This part of the blog will discuss the scenarios as a whole and focus on the main instantiations of the new governance they put forward. By ‘instantiations of new governance’ we mean the specific instruments, processes, measures, services, places… on which the scenario originality and credibility is based.

But beforehand, we need to clarify what kinds of scenarios have been build and what are their characteristics. The many classification of scenarios generally distinguish between 3 scenarios approaches (e.g. Borjeson et al., 2005):  predictive scenarios aiming at quantitative forecasting; exploratory scenarios investigating plausible futures and normative scenarios describing how a definite future can be reached. The scenarios developed here have a normative aspect: they intend to reach a more resilient society based on fluid governance. They also have an exploratory dimension because they try to creatively invent innovative solutions that are trying to make the desired vision more likely to happen. More than exploring possible or plausible futures they invent and articulate new forms of governance. This is their first emerging characteristics: they hardly tackle with local sustainability processes they start from as Agenda 21 but essentially with governance issues that are both major barriers and enablers for local sustainable transition. On top of this shift of object from sustainability to governance, a second emerging characteristic is their project dimension: they use the narrative form of scenarios to display new governance instruments, processes, policy measures, hybrid services and places, etc. They tentatively articulate them between the current situation and the desired future and prompt the social conversation around their likelihood to succeed. The scenarios produced work then as instantiations of new forms of governance and we will review the specific tentative policy design they reveal for the future of Agenda 21.

Multilevel transversality

A first cluster of tentative design of policy instruments regards the desperate need to break the silos in all directions horizontally between the different administrative levels, horizontally in terms of inter-territoriality (Vanier, 2008) between local circumscriptions and transversally across institutions with different natures and goals.

First emerging design of policy instrument addressing this issue is based on classical financial incentives: subsidies for research or innovation or any kind of developments could be systematically conditioned by a minimum level of collaboration between different partners, a quality of heterogeneity or a preservation of the socio-diversity: Inter-ter programs of Democity 21, transversal subsidies of Platform 21 or 10% of salaries paid in local currencies in Pact 21 scenario.

The second emerging design of policy instrument in the scenarios is the recognition of hybrid forms: private-public-cso Task-forces in the Pact 21 forming hybrid structures delivering new forms of collaborative services (Jégou Manzini, 2008) mixing private initiative, public regulations and users contributions; but also hybrid relationships in Platform 21 scenario with the ‘outside-in’ posture of civil servants that keep a feet outside the institutions and reciprocally, consultants that works in immersion both to keep freedom of being part of the institution; hybrid format with the Societal Activity contract of Engagement 21 matching employers and employees interests to invest in the commons.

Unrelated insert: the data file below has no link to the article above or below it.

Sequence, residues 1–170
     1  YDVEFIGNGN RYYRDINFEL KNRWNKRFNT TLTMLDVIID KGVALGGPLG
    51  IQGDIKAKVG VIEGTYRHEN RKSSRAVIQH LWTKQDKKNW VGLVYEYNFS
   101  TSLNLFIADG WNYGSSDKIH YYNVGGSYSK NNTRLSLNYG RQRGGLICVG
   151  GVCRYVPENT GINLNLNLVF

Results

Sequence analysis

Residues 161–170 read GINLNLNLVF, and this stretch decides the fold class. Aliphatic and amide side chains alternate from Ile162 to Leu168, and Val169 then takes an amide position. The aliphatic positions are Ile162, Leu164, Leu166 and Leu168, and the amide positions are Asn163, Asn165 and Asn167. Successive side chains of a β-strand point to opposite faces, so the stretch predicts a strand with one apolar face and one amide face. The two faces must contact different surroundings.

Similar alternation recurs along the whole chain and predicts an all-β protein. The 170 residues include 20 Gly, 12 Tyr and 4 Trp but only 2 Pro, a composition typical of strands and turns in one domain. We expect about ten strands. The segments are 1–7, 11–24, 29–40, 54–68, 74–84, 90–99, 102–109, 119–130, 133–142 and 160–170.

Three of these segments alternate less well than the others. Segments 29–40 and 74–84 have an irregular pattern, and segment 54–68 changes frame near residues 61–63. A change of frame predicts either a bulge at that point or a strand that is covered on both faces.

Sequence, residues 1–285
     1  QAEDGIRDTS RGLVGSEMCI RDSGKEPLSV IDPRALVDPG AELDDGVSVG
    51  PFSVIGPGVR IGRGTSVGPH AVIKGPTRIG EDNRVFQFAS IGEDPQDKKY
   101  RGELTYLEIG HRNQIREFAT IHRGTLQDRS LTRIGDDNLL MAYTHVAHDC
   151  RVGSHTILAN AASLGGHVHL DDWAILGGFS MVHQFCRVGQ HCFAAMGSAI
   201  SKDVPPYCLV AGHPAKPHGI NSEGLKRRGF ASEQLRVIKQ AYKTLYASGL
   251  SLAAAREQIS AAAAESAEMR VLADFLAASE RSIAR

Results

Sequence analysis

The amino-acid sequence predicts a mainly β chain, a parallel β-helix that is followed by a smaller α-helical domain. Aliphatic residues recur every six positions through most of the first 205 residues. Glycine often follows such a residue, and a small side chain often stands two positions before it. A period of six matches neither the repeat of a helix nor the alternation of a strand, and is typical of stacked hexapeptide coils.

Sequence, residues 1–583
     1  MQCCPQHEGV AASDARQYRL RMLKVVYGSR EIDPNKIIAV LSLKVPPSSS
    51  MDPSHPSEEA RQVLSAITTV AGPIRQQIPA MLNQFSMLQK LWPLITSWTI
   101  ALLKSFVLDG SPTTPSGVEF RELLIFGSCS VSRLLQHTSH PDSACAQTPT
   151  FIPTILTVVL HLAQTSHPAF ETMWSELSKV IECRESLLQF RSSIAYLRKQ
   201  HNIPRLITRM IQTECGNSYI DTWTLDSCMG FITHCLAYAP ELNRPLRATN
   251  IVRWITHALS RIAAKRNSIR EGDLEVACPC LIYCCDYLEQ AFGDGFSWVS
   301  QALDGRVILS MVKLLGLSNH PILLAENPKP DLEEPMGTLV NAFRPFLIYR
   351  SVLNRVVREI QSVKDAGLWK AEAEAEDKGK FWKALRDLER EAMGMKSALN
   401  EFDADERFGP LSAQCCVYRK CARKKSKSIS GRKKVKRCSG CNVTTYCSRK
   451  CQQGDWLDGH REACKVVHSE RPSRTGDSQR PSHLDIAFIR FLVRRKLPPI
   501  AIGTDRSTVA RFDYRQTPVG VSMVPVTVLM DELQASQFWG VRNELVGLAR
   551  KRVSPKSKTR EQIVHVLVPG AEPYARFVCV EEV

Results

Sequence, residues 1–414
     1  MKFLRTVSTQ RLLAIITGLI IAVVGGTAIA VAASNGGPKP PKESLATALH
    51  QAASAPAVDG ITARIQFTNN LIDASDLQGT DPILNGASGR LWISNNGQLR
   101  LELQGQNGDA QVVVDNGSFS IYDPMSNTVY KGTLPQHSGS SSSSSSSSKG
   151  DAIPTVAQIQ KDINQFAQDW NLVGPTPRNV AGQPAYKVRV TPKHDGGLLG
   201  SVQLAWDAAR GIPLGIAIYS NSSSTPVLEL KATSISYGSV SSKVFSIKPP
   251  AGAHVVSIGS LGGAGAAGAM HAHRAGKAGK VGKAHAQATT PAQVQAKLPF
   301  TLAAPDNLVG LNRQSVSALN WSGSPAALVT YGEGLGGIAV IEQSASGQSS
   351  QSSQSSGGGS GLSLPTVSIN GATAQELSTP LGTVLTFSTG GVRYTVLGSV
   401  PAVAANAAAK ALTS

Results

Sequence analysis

Beyond this second strategy to break silos by combining them giving birth to hybrid artefacts, a third pattern of design of policy instrument emerges as ‘platforms’ with the aim of providing a common base for heterogeneous actors to collaborate. Whereas coordination structures, mix steering committees tends to push collaboration from above, platforms like in the Platform 21 scenario tries to enable it from below providing necessary infrastructures for match-making and connectivity, translation or brokering between heterogeneous players. These type of enabling platforms bet on both the quality of the tools provided and the willingness of convergence of stakeholders to fluidify collaboration. More relieving platforms like the eGovernance platform in the Engagement 21 scenario propose a more active synergizing process considering that complex heterogeneity of single Societal Activities require an active coordination process and will never converge autonomously.

Integrated participation

The second cluster of designs of policy instruments emerging from the scenarios regards the way to generate a balanced participative society where all stakeholders are active and none can be considered as only a passive receiver and where users involvement is not the only adjustment variable of shortage of public budgets.